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What are you going to do when the pandemic is over?


By Jacqueline Cowan and Juliano Oliveira

Queenslanders are finally experiencing gradual relaxation in the restrictions of social distance in consequence of COVID-19.

Countless plans have been put on hold and many lives have had to be modified over the last two months and a half.

In April, loneliness was the most widely reported source of personal stress for Australians, according to the ABS (Australian Bureau of Statistics).

“Around one in five people (19%) also reported that they were experiencing difficulties maintaining a healthy lifestyle, which was more of a problem for those aged 18 to 64 years (22%) than those aged 65 years and over (9%),” ABS Program Manager for Household Surveys, Michelle Marquardt, said.


SolutionWire questioned 11 readers on what they are going to do when the pandemic is over.

Despite not having a certain forecast of when life will return to normal, they are already planning for a future without fear and without locks.

“When the pandemic is over I am going to go out to a bar with my friends and play pool, hopefully, have a boogie at some point and try to see as many people as I can! I can’t wait to go back to the gym, not only do I work in a gym but it’s a major part of my mental health as well. I miss the sense of community there as well as all the members. I can’t wait to feel the hustle-bustle of a busy street again or the sound of a crowd.” – Demi Conrad, 23, student.
“When the pandemic is over, I’m going to try and get back into part time “hospo” work. Preferably not on the weekends, and hopefully find an area I am passionate about. One that I can volunteer in once a week as this whole scenario has made me realise how inwards my life is.” – Evan Woodward, 34, student.
“When the pandemic is finally over, I’m going to take this “lil” pup out for some socialisation and puppy school, then probably look to get a real job in my industry. This pandemic started at the worse time for me (not that there is a good time) as I just graduated university and was on the hunt for a job. I finally got an interview for a job I really wanted then, the week before I was meant to go in, of course, everyone went into lockdown. So, I guess just get back on the hunt for a job. Oh and definitely go get a crisp beer off the tap at literally any bar that is open.” – Alex Power, 24, film freelancer.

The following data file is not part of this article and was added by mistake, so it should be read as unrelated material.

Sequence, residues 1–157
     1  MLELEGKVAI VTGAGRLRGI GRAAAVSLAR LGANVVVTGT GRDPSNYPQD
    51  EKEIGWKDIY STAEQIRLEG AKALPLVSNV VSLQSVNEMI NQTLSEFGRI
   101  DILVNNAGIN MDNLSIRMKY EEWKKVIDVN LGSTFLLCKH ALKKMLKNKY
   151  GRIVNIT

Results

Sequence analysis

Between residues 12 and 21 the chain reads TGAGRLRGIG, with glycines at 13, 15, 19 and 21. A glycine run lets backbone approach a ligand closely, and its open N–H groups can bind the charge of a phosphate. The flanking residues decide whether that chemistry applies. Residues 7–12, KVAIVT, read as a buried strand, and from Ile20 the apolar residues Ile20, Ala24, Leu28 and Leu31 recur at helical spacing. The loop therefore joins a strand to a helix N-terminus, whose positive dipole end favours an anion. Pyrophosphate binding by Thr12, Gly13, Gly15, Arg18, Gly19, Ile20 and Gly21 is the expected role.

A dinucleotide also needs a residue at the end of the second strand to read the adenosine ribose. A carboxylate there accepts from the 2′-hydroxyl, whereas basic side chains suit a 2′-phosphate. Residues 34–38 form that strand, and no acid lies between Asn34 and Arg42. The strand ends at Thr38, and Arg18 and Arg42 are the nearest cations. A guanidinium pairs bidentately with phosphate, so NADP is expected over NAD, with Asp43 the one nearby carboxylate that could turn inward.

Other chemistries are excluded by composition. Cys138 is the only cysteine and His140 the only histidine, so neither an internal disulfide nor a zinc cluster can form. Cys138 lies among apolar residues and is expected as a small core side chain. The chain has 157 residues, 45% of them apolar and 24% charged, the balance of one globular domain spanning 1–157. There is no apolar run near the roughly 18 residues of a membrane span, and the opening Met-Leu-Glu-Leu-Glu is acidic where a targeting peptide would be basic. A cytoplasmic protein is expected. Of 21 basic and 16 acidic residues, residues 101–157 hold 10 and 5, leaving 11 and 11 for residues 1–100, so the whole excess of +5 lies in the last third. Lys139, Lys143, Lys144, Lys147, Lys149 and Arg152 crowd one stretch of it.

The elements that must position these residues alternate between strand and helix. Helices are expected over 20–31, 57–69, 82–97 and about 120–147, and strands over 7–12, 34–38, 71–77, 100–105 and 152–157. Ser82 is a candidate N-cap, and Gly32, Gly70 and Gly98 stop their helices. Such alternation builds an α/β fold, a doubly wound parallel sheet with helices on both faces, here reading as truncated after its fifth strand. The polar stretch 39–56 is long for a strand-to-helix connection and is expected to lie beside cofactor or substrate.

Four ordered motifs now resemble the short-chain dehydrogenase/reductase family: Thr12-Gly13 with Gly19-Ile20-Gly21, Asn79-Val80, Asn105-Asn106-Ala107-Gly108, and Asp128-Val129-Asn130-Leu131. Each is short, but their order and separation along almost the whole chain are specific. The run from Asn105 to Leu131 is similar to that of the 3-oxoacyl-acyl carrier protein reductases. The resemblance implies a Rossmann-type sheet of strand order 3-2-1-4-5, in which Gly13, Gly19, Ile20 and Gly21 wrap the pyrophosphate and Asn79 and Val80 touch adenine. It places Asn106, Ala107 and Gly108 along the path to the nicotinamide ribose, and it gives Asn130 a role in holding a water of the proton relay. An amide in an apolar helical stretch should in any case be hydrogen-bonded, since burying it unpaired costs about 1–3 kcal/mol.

“Once this pandemic is over, I plan to get my business back up and running, be more productive and go to the pub.” – Ingrid Coles, 31, photographer.
“I’m looking forward to crossing the borders and going to visit friends and family… It feels like it’s been longer than usual. I’m looking forward to going on an amazing vacay with my partner somewhere far away from the hustle and bustle and eating out at cafes and restaurants! I really can’t wait for gigs to start happening again too… Hanging out to perform as well as be in the crowd supporting other amazing artists! – Villiana, 26, barista.
“When the pandemic is over, I am going to attend every live concert and see every DJ play (that I can and only the good music I’m into, of course, I’m not that generous with my time).” – Natasha Dunstan, 23, full time mum and graffiti queen.
“When the pandemic is over… I am looking forward to seeing my grandchildren without any restrictions; getting back to yoga and playing tennis; sitting down for lunch or dinner at restaurants; travelling to various places in Australia, including Christmas in Brisbane. We won’t be hurrying to travel overseas for a couple of years… maybe we won’t get there again! Having said that, part of me has enjoyed staying at home, so I think I will try to slow down a little.” – Nita Pont, 65, retired.
“After this pandemic is over, I am never going to take a single rave for granted.” – Kai Christiansen, 24, restaurant manager.
“After this pandemic, I am going to maintain my plans to move to Berlin, but do so slightly differently. With the Covid-19 crisis, staying home let me slow down and understand my time a little better – it allowed me more time to hang out with my Mum and start learning German and really think about what I am doing and what I want to be doing later.” – Jorja Boe, 24, gallery assistant.
“After the pandemic is over, that a hard question because over to me infers eradication and a vaccine and I think we are a long way off that. However, when it does happen I’m going to prioritise time with my family, both near and far!” – Donna Burns, 52, organisational change manager.
“I’ll be the bloke waiting to hit the road and get to the beach as fast as possible. Then, spend my afternoon at the pub watching sports with a few mates.” – Luke Turley, 28, military.

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